If you were following the great Commencement Speaker Bloodbath of 2014, you might have noticed that there were two stories happening. Here’s story number one: “hyper-sensitive college students suppress freedom of speech.” This was the story most people accepted at the time. The other story went like this: “college administrators and commencement speakers prove unable to handle freedom of speech.” This story, though less popular, fits the facts a little better.

Students, though loud and opinionated, have no real power; they can’t even suppress a mouse uprising in their dorm rooms without administrative help. As protests go, these were weak. Christine Lagarde, for instance, decided not to give an address at Smith’s commencement ceremony over a petition. When have you ever heard about a petition as anything other than the punchline to a joke?

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Flick Story

Rebellion Vs. Conformity in ‘We Are the Best!’

By 6.19.14

If We Are the Best! were The Breakfast Club, Allison would make over Claire—and the boys would just be accessories.

We Are the Best! is Lukas Moodysson’s confection about middle-school punker chicks in early ’80s Stockholm. Klara (Mira Grosin) is the cute, strident one with the cool parents. Bobo (Mira Barkhammar) is the mousy, insecure one who gets to stay over at Klara’s place so her mom can get on-again with her on-again, off-again boyfriend. They roam through their world, tiny splinters of arrogance and neediness, little idiots you’ll quickly come to love. 

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Round Three: USA and Ghana at the World Cup

By on 6.16.14 | 5:01PM

The U.S. Men’s National Soccer Team makes its 2014 FIFA World Cup debut today at 6 p.m. ET. The Yanks face the Ghana Black Stars, which is sweet of lady luck—or FIFA, if match-fixing allegations are true—giving America the chance to find out if the third time really is the charm and get revenge for our knockout by Ghana in the last two World Cups. "Why can’t we beat them?" the Wall Street Journal asks with a tone of existential ennui.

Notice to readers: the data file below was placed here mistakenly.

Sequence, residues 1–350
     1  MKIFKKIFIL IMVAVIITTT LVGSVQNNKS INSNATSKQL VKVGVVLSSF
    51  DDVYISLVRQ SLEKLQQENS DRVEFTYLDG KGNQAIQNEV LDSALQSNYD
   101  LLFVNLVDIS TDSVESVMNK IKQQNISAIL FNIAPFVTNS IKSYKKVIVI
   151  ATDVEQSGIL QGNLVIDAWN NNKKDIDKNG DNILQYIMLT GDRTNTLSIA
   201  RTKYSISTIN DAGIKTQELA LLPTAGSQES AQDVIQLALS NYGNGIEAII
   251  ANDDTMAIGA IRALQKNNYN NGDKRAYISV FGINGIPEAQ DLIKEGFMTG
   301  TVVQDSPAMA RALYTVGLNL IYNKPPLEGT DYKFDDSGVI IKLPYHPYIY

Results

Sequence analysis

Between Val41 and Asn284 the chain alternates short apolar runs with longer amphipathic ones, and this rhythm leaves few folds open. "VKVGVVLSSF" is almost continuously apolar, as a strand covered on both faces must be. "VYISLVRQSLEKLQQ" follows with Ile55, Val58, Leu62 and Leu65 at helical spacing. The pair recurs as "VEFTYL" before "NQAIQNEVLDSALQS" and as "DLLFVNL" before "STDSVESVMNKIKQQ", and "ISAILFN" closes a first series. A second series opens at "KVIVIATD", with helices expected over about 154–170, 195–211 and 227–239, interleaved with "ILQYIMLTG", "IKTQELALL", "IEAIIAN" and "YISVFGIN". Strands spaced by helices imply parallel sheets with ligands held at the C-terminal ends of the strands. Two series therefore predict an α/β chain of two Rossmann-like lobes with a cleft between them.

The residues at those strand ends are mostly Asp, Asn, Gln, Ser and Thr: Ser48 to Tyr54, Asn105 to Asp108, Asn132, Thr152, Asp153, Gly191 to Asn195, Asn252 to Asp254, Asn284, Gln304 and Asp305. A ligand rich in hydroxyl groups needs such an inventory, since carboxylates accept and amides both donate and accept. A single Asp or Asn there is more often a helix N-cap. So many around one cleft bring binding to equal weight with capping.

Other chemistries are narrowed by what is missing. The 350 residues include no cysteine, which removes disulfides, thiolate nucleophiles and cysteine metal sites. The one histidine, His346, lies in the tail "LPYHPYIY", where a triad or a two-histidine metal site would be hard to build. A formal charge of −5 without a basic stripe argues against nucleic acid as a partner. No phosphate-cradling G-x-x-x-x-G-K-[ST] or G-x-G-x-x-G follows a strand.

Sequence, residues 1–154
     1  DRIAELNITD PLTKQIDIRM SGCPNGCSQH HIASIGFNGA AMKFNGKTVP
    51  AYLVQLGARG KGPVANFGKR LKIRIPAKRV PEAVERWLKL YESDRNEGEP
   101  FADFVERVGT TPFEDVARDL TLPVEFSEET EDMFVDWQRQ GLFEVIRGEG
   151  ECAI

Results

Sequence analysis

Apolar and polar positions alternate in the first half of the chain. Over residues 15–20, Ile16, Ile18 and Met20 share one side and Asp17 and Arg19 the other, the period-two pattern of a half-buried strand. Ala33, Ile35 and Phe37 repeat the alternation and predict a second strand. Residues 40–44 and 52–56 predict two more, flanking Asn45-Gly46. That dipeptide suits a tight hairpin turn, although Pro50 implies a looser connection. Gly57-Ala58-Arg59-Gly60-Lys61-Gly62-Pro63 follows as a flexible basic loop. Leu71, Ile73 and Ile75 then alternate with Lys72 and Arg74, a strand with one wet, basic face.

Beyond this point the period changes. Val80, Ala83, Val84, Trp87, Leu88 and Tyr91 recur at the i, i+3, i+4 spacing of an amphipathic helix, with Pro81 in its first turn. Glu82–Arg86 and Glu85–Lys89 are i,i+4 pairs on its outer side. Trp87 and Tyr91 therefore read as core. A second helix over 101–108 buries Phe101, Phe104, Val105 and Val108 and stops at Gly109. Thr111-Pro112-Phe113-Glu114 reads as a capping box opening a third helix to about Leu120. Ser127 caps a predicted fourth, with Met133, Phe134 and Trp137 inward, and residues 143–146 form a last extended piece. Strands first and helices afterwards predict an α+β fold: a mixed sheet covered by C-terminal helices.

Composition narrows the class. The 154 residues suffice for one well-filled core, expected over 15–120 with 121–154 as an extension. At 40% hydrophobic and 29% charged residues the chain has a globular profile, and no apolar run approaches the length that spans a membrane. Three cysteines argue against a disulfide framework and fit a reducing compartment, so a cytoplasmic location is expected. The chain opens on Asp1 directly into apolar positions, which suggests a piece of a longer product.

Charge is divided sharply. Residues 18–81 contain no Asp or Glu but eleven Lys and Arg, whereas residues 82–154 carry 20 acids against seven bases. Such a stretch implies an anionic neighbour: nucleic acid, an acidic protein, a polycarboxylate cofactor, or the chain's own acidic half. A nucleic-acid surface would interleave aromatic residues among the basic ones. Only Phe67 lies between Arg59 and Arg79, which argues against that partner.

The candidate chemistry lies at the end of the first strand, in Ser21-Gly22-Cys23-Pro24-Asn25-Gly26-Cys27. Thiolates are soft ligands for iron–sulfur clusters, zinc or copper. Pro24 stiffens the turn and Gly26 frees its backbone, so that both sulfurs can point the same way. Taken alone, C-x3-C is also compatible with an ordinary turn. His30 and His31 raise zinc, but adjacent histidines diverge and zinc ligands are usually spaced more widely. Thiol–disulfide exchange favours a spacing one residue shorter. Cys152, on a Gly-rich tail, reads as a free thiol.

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Game of Thrones: Privy Patricide on Father’s Day

By on 6.16.14 | 4:42PM


Game of Thrones recaps often read like fantastical obituaries. The season finale on Father’s Day marked the start of the Lannister downfall with Tyrion’s murder of his father Tywin. “I am your son.” Tyrion declared, before skewering Tywin on the privy with two close-range crossbow shots. So continues the dirge of Ice and Fire.

George R.R. Martin, the Grim Reaper, has created a show culture in which a character’s death scene becomes a celebratory event for the actors. For Ned Stark’s actor Sean Bean, death was just another day in the life of his volatile acting career, but for the victims of the Red Wedding, the situation was more emotional and surreal.

Actor Richard Madden, who played Robb Stark, cried on the plane ride home. After Ygritte’s last scene, the crew presented her with her character’s engraved bow.

Lord Tywin’s Charles Dance reportedly went out with applause and a personalized speech from the executive producers.

“He died like a boss,” said co-creators David Benioff and Dan Weiss in a joint statement.

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The Beer Spectator: Better for Teens to Drink Than Play It Safe

By on 6.13.14 | 5:05PM

The United States struggles with imparting its drinking culture to the young. As one of the few countries with a twenty-one-and-over drinking age, teenagers usually don’t discover the wonders of booze until college. On campus, fraternity parties and dorm drinking inevitably lead to excess. Freshmen get drunk, get sick, and learn about their tolerances with each can of Natty Light and cup of jungle juice.

To confront this, parents should start incorporating wine and beer into the family dinner during high school.

Of course, that’s if teenagers even want to drink alcohol. They may just want to smoke weed and play video games.

Unfortunately, kids today spend more time in front of a screen than any other generation, whether the device is a TV, mobile phone, or computer screen.  

Our youths mostly play it safe. Instead of drinking, smoking tobacco, and exercising, these teenagers play video games.

According to a survey of 13,000 high school students: